The coroner said in a Facebook post that felt compelled to say something because of the "many facebook google experts and politicians with politically driven agendas driven by money reporting information that is twisted and false to the public."
"I think that we failed to operate with a sense of urgency," Jackson Mayor Chokwe A. Lumumba said.
"Just as the Supreme Court swept away the mistaken doctrine of 'separate but equal,' so too should it eliminate the doctrine of qualified immunity," Reeves wrote after mentioning many Black Americans killed by police.
A seven-day rolling average shows between 20 and 25 percent of Mississippi residents who were tested for COVID-19 were infected with the virus.
Mississippi, Missouri, Alaska, Oklahoma and Louisiana have each seen an increase in the average daily new cases reported over recent weeks.
Mississippi saw the largest jump in the country over the last 14 days.
"Now, they're deemed essential workers, but they're still treated as disposable," said Lorena Quiroz, an organizer of Working Together MS.
Tate Reeves has issued an executive order requiring people in 13 counties hard-hit by COVID-19 to wear masks.
"Not only is it here, it's gonna get worse," Mississippi Health Officer Dr. Thomas Dobbs said at a news conference as he assessed the state's overwhelmed hospital infrastructure.
"The Satanic Temple believes that religion can, and should, be divorced from superstition," their website explains.
Hundreds of employees at Mississippi's State Capitol were tested Monday after at least eight lawmakers had contracted the virus in recent days, a health official said. Test results showed that 26 state lawmakers are positive for coronavirus.
Jackson, Mississippi city council members voted Tuesday for a statue of President Andrew Jackson, for whom the city is named, to be removed.
Mississippi Governor Tate Reeves on Tuesday signed a bill that replaces the state flag with a new one that does not include Confederate iconography.
According to the latest forecast models, the next wave of dust will reach southeastern Texas, Louisiana and southern Mississippi.
Mississippi's House of Representatives passed a bill by a 91-23 margin, and it now moves to the state Senate. It has been the state's official flag since 1894.
Legislators are expected to start voting on Sunday to change Mississippi's 126-year-old state flag, which features a Confederate battle emblem that has long been decried as racist.
"My job as mayor is do to my best to keep our community safe, not make easy or politically popular decisions," Tupelo Mayor Jason Shelton wrote about the announcement.
Trade winds blow dust from the Sahara westwards over the Atlantic every year.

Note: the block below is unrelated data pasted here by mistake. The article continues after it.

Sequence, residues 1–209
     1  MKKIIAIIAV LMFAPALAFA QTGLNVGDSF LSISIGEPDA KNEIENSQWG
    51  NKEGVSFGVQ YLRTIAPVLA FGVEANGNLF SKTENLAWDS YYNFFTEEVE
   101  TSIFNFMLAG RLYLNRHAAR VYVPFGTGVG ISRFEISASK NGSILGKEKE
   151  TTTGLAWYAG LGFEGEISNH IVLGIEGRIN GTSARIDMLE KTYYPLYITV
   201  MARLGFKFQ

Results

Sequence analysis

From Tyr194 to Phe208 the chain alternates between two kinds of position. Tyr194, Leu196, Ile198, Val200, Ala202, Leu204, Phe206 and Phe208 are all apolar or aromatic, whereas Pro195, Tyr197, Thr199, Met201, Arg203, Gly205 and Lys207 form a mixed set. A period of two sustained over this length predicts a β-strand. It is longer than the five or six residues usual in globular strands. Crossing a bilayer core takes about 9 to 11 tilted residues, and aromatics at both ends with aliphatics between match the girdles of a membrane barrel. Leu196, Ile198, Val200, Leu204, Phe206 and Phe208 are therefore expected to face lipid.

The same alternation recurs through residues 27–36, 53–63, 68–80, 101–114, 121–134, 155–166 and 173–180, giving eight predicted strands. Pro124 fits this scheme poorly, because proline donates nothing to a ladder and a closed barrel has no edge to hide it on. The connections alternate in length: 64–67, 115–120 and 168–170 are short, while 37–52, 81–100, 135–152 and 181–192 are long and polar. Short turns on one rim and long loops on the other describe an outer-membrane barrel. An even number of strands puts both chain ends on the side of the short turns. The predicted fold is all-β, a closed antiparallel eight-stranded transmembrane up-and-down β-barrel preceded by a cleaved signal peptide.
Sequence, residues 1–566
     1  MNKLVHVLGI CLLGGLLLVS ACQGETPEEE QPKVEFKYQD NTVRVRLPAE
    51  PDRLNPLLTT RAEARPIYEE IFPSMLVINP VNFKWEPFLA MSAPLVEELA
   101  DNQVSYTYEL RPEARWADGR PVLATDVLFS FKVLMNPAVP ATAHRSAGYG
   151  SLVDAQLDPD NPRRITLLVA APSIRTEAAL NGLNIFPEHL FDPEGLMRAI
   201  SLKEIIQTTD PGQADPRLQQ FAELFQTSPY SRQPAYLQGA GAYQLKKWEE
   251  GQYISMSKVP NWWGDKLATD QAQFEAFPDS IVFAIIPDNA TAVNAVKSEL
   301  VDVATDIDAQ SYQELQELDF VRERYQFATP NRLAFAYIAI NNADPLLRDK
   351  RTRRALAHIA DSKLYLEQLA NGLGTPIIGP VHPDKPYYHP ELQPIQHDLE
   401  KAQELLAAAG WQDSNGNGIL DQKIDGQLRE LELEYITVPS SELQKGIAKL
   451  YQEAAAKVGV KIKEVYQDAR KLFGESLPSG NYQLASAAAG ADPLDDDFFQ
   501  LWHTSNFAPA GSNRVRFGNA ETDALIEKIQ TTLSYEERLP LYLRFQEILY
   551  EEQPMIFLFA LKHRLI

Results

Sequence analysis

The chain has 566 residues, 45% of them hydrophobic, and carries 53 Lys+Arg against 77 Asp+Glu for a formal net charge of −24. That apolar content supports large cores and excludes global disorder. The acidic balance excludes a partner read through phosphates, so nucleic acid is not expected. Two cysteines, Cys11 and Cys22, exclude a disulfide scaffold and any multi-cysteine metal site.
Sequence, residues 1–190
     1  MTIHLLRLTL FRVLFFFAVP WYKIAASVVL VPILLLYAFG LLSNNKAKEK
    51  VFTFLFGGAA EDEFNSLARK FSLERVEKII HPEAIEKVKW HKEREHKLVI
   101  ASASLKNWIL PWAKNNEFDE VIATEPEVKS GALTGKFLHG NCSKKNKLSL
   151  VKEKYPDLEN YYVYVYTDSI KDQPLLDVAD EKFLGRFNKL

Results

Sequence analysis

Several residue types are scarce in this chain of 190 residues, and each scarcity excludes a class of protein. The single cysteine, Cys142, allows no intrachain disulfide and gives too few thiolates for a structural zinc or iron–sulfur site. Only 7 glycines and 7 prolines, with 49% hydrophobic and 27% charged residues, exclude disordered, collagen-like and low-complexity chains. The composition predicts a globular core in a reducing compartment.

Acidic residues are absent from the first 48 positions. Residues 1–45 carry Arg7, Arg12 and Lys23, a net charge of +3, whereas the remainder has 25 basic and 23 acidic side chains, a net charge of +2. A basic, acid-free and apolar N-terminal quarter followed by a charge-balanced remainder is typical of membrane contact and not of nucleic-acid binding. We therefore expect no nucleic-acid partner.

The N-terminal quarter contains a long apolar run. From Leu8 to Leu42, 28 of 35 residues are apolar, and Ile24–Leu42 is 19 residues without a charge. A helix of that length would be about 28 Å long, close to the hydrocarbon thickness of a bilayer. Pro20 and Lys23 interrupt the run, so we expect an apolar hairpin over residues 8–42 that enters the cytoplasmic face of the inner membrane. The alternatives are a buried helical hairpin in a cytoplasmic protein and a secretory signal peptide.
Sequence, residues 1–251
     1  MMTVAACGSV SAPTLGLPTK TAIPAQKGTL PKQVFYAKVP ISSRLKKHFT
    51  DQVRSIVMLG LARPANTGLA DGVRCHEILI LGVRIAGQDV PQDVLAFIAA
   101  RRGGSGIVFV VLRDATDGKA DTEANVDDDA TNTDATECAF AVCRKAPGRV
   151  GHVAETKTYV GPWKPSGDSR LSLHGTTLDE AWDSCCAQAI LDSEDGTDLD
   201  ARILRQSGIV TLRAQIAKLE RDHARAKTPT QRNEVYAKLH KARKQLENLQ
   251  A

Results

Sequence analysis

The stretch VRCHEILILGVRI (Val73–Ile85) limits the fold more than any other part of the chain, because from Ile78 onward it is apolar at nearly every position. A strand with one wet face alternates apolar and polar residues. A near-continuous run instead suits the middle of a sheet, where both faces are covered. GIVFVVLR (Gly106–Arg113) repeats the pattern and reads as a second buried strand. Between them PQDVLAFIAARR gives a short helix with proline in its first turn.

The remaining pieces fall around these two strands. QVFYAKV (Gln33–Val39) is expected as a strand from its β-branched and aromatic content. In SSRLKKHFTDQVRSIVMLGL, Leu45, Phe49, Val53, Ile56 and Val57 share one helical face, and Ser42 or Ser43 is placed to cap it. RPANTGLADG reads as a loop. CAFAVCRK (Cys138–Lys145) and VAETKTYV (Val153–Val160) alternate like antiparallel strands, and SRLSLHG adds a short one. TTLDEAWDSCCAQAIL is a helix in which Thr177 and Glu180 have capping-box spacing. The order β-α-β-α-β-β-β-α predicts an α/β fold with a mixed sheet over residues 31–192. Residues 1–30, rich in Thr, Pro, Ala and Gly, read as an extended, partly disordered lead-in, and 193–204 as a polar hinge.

"I began to reminisce about some of the things I endured here in Laurel and I had gone from that position to be in a position of the mayor, to be able to take that flag down and I wanted to do it to bring the people of Laurel together," Mayor Johnny Magee said of the executive order.
The dust can pose a health risk, particularly for those with respiratory issues, such as asthma and allergies.
A new poll finds that at least 55 percent of Mississippi voters support replacing the state flag with a new version that does not incorporate the Confederate battle flag.
"Prepare for not being able to get into the hospital if you have a car wreck, [to] have a heart attack and there not be a ventilator to put you on," State Health Officer Dr. Thomas Dobbs said regarding the impact rising cases could have on the state's hospital system this fall.
The dust has brought hazy skies and poor air quality to large parts of the Caribbean.
In a statement, Walmart said the decision was "consistent with Walmart's position to not sell merchandise with the confederate flag from stores and online sites."
Last week, the NCAA and SEC banned Mississippi from hosting championship events until the flag is changed.
Dr. Thomas Dobbs, Mississippi State Health Officer, said that officials had identified a cluster of coronavirus cases and outbreaks linked to University of Mississippi fraternity parties.
Lowndes County Supervisor Harry Sanders said that dependency still occurs today and criticized black people for being the only ones unable to assimilate.
In a 2001 ballot measure, Mississippi voters chose not to replace the flag by a margin of 2-to-1, but today's political climate is much different.
The incident was reported as rallies protesting George Floyd's death in Minneapolis last week escalated in cities across the United States.
The Mississippi Department of Health reported a new single-day high in cases with 418, topping a previous high of 404 on May 8.